Everything just clouded

According to the EU General Data Protection Regulation, data security means the careful handling of personal and company-related data. Many websites and apps have active connections in the background to data collectors of large corporations, such as Google, Facebook or Alibaba. Depending on what you as a user have accepted in the cookie settings or T&Cs of these websites and apps, they reveal quite a lot about themselves, albeit predominantly anonymously. Nevertheless, artificial intelligences are able to recognise corresponding patterns in your behaviour that enable the data octopi to suggest things that suit you very well with the next click or swipe – simply because there are millions of others with your behaviour pattern.

In the press you often read about data leaks and leaks and stolen data sets. IT security is on everyone’s lips, mainly the negative effects. In particular, this has become a “fear-and-fright” scenario with cloud applications, which fuels certain reservations about deploying and using cloud technologies. But what is actually behind this? That’s what my blog is about today.

However, data security starts on one’s own computer and smartphone, because it is mainly small carelessness on the part of end users that can cause major damage in the first place. Through phishing, criminals obtain their access data; through Trojans and other malware in email attachments, programmes are started in the background of their client that spread in the network of their company and thus also on servers themselves. Afterwards, data is exchanged with third parties who certainly have few good intentions. In the best case, they only want to share the computing power of the data centre and slow down the bandwidth with which the employees surf. In the worst case, your data is copied to other servers, your access is blocked, your entire network is paralysed, and against payment of large sums in crypto-currencies, this is reversed. Servers in data centres are usually well protected, but they also sometimes fall victim to cyberattacks, so that direct access to corresponding data sets is then possible.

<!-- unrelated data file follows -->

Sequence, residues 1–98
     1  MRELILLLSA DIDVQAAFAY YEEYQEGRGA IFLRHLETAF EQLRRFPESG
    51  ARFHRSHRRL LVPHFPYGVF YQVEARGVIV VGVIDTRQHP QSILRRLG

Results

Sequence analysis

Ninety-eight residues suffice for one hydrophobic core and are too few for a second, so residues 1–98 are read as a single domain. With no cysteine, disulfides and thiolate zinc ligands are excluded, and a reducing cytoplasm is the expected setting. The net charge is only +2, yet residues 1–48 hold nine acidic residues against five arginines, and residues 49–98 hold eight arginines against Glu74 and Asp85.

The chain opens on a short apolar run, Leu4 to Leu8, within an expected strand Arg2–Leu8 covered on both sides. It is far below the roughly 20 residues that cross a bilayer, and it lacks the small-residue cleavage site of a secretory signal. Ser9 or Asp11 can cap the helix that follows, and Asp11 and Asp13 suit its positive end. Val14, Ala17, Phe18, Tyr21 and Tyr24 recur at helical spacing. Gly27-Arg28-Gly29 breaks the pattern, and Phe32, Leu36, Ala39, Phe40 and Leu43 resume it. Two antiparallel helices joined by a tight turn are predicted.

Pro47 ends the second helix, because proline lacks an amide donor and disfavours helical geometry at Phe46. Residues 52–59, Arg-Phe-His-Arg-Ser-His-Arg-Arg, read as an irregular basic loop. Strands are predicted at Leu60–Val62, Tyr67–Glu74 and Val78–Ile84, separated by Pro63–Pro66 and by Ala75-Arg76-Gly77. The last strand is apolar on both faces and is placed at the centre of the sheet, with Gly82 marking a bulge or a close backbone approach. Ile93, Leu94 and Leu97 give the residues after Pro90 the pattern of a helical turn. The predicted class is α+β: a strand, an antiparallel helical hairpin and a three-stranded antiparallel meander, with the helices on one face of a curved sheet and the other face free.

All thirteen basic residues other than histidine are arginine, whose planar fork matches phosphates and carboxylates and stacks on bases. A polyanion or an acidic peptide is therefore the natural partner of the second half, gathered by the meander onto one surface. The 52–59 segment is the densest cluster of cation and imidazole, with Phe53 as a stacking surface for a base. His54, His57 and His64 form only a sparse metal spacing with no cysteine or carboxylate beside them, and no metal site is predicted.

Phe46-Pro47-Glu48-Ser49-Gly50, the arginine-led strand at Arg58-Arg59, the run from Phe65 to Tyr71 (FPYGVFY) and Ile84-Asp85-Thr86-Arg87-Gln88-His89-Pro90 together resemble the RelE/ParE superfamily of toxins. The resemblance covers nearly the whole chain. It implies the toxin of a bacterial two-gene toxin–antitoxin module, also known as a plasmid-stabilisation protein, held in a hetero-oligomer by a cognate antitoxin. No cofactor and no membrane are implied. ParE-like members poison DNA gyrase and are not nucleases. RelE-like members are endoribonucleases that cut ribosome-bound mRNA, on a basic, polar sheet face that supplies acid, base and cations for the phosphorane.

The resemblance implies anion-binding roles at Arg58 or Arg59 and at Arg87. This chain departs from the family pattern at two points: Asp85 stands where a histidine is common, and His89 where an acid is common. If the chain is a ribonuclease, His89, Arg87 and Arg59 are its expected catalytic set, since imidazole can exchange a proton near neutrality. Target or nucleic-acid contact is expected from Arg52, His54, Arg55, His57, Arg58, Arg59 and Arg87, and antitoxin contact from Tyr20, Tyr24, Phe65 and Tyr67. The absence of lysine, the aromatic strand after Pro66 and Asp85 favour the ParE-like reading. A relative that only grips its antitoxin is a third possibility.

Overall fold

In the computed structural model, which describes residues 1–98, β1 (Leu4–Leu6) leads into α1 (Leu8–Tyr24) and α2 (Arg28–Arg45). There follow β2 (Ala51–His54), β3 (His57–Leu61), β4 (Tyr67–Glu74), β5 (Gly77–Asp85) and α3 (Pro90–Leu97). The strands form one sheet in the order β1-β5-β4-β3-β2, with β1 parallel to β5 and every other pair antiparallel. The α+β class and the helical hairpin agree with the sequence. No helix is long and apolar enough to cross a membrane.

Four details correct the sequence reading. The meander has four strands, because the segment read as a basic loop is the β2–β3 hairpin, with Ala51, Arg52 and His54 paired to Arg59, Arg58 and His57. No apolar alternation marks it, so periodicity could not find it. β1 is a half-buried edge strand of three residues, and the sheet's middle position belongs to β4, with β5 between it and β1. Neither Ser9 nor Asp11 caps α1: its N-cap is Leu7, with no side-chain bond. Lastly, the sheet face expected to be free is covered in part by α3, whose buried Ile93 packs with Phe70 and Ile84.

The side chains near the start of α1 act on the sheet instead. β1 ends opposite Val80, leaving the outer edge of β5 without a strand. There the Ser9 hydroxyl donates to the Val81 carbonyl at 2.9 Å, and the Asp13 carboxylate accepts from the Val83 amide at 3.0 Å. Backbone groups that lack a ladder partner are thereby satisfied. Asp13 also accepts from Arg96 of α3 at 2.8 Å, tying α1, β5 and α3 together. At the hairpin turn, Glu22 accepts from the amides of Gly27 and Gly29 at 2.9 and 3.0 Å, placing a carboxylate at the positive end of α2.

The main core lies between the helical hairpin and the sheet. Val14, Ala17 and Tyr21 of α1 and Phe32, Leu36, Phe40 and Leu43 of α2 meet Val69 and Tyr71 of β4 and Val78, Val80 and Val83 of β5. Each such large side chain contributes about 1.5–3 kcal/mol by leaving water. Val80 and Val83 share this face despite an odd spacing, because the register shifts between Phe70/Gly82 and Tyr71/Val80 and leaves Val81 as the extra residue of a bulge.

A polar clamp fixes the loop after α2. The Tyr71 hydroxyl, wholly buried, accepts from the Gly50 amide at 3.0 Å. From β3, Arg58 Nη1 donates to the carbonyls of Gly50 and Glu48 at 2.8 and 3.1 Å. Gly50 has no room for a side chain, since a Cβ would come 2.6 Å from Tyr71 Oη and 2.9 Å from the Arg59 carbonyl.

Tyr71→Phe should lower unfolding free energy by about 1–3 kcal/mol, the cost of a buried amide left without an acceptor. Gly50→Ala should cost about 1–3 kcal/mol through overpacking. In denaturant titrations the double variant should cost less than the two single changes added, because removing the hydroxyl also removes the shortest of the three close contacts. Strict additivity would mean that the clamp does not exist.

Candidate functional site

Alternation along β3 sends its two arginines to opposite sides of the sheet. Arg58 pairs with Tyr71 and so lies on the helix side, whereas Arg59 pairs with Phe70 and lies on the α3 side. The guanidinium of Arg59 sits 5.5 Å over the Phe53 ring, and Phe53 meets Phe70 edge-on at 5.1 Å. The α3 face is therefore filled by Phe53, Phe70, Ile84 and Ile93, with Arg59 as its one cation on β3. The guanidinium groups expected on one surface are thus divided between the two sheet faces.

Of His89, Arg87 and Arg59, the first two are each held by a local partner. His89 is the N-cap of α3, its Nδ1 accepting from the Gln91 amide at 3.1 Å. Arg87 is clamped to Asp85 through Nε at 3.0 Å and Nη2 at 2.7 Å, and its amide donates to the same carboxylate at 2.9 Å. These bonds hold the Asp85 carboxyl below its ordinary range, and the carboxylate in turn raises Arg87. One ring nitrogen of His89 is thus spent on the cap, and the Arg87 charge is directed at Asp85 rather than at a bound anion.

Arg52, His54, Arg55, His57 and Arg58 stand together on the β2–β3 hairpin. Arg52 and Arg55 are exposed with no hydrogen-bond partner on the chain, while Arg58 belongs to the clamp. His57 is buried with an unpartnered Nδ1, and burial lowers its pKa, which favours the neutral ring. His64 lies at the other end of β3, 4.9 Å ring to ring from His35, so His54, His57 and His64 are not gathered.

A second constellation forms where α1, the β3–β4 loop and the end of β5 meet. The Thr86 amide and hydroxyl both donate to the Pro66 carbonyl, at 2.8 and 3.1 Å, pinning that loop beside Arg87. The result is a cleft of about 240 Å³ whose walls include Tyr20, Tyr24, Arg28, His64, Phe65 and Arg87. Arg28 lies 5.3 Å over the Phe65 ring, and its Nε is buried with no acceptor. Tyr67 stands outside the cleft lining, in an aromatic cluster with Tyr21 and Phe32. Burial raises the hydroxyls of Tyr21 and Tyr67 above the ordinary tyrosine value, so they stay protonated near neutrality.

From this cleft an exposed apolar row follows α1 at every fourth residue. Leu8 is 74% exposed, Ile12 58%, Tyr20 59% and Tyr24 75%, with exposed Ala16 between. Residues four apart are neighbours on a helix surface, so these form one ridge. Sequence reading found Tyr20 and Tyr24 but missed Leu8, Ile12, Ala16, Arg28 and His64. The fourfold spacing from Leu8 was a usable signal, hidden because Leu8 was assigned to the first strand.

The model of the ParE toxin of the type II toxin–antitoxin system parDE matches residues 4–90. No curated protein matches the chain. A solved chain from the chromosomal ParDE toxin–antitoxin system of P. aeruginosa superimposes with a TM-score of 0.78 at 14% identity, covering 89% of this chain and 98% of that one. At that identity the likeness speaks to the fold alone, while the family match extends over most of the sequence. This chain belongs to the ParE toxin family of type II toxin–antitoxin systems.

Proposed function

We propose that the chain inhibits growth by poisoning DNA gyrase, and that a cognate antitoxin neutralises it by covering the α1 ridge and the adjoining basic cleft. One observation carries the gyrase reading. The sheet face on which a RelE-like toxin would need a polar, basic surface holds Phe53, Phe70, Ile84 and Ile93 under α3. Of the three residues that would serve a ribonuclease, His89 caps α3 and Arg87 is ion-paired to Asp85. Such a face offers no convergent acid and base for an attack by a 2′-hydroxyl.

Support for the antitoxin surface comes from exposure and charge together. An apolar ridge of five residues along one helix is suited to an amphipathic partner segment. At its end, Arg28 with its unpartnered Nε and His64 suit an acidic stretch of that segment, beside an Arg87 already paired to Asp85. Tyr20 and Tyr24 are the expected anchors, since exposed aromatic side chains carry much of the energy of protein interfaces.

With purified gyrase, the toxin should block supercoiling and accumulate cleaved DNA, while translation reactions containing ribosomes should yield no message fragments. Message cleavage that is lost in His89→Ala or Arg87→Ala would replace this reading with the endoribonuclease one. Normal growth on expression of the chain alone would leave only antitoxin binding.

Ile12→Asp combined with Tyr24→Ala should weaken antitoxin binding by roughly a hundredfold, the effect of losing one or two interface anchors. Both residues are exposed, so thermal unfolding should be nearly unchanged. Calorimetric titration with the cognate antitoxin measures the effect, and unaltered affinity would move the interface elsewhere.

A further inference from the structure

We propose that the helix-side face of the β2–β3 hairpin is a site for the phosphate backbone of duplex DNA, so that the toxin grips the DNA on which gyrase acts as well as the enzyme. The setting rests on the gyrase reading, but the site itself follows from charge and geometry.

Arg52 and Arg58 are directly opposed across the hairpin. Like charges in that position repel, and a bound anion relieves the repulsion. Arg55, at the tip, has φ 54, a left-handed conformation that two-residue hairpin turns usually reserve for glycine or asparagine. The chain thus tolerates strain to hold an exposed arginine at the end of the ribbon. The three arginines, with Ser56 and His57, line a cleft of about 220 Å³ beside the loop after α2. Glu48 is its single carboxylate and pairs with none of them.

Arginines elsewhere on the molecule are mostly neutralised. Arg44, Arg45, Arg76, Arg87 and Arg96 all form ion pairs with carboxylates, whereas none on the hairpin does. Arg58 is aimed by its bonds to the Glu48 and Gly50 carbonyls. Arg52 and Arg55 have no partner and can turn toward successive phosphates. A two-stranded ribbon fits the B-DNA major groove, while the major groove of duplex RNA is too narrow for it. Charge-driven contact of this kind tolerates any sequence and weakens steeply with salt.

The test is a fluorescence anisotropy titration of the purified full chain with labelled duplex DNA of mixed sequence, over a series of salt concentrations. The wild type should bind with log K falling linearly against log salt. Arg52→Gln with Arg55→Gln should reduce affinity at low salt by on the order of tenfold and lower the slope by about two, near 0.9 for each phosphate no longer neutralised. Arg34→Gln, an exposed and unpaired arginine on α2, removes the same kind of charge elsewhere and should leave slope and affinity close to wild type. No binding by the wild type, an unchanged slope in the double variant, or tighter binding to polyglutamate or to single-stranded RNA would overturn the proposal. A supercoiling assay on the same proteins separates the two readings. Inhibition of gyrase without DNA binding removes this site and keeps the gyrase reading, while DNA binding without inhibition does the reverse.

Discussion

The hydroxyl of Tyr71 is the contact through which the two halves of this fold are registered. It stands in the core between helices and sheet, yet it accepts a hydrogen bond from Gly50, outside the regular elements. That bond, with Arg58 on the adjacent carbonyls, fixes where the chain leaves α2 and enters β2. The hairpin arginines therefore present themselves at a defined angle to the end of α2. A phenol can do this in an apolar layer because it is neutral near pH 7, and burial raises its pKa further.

If we now look at the production process in the process industry, the highest asset to be protected is probably the recipe, followed by the environmental variables of the production machines. Until now, the networks for the machines and the networks for the ERP data were usually separate from each other. Through the progressive digitalisation of the machine, it is becoming more and more possible to visualise the environmental variables for reporting on production and ultimately also to support decision-making for the plant operator. In fully automated production and maturing processes, simple decision algorithms can also be used to send control indicators to the plant and thus influence the production process.

So when the separate networks communicate with each other or even merge, the issue of data security must also be looked at more closely at this point. As long as the networks and servers are under the control of the producer (on-premise), he is responsible for data security and can implement suitable security measures. What happens if parts of the network are located in a rented data centre, how vulnerable are data lines of a branched WAN in a company? In this case, the security-relevant services of the service providers must be carefully scrutinised so that there are no surprises (see above). If you then give third parties access to the systems and machines for remote maintenance, the necessary caution increases and costs an immense amount of effort and money.

And in the cloud? Cloud means nothing more than “located somewhere else” (data centre), “does not belong to me” (rented) and “I use what is there” (application services). This means that you are forced to hand over parameters for your ERP and production data to a cloud operator who is certainly not interested in selling the same kind of service to only one customer. So I have to be careful and trust that the data worth protecting does not get mixed up in the cloud. The operator will be able to ensure separation, but will it want to do so in the long term? Data from the same type of source offers artificial intelligence the chance to recognise any patterns and valuable optimisations can be derived from the results. This is the case for the cloud operator with whom he wants to earn big money in the end. The revenue from the use of the application service is a drop in the ocean in comparison.

My personal opinion for the process industry is a hybrid approach of on-premise and cloud technologies. I protect my most valuable assets in the on-premise environment under my control and I use meaningful cloud services by sending anonymised data sets to the service and receiving the result back for further processing in my on-premise world. This is probably the most efficient and secure way for the future.